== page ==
• provide transparent data access to target populations
  • allow the water utility a transparent communication portal to promote incentive programs to building owners and their sub-tenants
  • serve a tranparent portal for building owners to communicate both with water utilities about incentive programs, and with tenants important information about the amount of water their fixtures release (based on standard measurement e.g. 2.5 gallons per flush)
  • offer the tenant meaningful information about their actual use, let them add detail about themselves to better tailor information from water utilities and identify opportunities for cost and energy savings
Challenge Experts
  • Tyrone Jue - San Francisco Public Utilities Commission (SFPUC) - [email protected]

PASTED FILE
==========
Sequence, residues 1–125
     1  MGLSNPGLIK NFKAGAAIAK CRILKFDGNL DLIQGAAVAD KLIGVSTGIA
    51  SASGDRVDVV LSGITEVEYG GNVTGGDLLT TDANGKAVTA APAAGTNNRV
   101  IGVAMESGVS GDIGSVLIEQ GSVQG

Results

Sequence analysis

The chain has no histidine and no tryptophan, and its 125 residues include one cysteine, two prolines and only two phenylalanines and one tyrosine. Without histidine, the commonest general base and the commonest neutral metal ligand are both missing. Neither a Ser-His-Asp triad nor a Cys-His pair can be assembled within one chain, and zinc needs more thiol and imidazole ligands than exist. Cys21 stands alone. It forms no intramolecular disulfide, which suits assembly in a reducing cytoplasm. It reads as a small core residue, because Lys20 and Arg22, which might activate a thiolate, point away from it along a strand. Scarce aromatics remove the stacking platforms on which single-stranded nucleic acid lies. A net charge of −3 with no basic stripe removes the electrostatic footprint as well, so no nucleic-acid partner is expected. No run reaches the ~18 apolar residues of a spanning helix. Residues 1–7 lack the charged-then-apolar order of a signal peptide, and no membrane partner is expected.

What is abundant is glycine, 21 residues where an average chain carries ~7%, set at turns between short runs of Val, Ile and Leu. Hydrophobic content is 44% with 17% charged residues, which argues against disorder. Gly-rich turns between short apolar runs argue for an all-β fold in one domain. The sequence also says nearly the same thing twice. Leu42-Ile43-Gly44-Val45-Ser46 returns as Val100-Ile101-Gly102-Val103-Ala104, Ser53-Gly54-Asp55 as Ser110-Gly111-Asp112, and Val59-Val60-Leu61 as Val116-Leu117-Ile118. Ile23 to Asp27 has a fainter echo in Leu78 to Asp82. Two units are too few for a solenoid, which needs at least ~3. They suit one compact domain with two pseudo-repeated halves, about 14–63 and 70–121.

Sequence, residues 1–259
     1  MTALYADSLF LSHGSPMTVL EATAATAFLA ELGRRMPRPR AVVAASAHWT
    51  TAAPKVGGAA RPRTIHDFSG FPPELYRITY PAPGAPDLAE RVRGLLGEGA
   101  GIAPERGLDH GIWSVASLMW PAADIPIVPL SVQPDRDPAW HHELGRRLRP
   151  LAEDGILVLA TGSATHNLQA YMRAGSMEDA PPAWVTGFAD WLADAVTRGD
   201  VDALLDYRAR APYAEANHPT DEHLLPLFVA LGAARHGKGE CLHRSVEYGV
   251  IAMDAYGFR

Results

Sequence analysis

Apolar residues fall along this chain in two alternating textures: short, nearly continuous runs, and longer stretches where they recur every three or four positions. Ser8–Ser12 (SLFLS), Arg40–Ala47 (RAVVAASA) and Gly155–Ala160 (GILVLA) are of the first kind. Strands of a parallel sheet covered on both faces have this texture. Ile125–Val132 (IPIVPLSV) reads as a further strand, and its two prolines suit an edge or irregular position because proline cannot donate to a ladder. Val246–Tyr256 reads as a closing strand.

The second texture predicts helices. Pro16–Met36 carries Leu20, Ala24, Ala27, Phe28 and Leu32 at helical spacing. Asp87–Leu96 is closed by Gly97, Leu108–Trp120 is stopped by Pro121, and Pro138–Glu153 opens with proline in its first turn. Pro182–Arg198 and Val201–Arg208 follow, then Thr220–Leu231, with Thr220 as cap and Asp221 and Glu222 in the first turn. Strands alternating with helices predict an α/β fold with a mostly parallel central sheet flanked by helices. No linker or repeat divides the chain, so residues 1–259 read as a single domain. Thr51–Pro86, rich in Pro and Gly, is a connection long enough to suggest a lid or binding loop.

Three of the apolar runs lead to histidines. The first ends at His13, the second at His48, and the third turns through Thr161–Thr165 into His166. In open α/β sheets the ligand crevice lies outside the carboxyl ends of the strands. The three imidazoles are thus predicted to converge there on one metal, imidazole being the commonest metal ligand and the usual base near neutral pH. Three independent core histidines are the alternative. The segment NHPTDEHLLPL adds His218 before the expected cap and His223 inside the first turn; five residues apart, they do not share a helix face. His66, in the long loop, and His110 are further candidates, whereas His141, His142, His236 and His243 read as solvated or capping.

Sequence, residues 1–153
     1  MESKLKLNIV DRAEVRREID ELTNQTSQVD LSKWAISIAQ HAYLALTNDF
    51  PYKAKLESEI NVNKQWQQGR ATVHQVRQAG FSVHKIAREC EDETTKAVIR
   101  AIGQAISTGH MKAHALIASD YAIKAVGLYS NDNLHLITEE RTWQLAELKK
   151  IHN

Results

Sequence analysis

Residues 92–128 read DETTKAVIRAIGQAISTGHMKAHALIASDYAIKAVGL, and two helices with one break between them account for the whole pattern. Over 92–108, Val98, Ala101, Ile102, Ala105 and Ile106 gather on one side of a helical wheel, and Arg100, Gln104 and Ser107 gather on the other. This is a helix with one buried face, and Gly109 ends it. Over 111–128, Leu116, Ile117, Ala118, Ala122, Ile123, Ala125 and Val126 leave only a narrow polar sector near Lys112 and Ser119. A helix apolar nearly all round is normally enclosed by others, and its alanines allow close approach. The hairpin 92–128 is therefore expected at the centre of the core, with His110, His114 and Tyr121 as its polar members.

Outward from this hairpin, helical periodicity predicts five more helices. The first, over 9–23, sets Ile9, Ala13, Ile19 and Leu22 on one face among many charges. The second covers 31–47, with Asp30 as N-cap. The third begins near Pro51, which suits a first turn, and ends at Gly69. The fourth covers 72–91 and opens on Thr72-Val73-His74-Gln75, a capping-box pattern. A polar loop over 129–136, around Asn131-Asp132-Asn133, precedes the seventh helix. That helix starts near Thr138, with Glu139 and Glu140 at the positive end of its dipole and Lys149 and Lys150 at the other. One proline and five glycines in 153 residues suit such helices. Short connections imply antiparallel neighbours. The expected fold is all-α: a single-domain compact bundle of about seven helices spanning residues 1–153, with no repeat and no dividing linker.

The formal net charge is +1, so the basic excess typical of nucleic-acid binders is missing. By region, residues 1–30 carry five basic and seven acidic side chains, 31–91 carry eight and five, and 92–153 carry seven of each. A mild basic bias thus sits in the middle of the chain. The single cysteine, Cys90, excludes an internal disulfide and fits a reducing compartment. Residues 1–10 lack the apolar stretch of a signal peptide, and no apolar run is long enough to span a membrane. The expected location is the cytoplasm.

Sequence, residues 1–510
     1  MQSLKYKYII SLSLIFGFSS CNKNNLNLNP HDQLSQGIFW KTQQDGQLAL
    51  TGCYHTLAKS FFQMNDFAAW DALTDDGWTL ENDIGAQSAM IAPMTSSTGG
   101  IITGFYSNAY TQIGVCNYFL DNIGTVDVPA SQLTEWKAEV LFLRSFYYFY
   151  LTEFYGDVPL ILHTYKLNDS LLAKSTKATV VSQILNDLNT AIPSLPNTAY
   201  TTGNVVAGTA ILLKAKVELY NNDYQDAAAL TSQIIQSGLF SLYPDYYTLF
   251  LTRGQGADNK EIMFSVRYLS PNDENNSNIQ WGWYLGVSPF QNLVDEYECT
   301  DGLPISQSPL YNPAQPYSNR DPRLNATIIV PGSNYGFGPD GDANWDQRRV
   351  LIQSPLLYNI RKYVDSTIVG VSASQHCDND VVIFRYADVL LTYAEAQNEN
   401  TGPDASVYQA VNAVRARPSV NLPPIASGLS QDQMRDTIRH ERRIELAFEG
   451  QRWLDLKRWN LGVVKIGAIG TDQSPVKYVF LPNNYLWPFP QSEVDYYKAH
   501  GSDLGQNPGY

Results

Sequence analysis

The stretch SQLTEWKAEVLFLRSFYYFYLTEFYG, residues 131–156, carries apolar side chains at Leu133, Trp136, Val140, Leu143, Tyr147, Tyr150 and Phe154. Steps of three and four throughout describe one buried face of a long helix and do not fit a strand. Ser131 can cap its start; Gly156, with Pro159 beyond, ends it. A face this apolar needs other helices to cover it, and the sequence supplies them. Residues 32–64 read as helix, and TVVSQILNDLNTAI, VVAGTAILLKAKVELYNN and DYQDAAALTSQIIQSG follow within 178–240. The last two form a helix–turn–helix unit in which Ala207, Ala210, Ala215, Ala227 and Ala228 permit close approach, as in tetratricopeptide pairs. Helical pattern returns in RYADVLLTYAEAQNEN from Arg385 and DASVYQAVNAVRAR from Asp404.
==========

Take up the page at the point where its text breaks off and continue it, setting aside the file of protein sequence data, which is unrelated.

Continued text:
• Heather Pohl - Automated Water Meter Project Manager - [email protected]
  • SF Mayor + Board of Supervisors
  • East Bay Municipal Utilities District (EBMUD)

Next Gen Buildings

Commercial buildings in the US account for 40% of all energy use and about 40% of GHG emissions. On average, commercial buildings could save 30% of their energy costs, or about $100 Billion annually. In terms of investment return, standard retrofit projects have typical IRR of 25% or more, i.e. higher year-on-year return than any other asset class commonly held in pension funds, including equities (large, mid and small cap), venture capital or real estate. Cities need to come together to provide a standardized, reliable, and scalable solution to energy efficiency financing.

KEY ISSUES

In spite of very attractive ROIs, energy retrofits suffer from a general lack of confidence on the part of investors and building owners, high transaction costs, and the need for available upfront capital. As a result, this GHG mitigation and energy savings opportunity remains largely untapped.

TARGET AUDIENCE
  • Finance community (lenders, equity invests, pension funds and insurance companies).
  • Municipalities
  • Building owners and facility managers
  • Contractors (EPC, ESPs and ESCOs)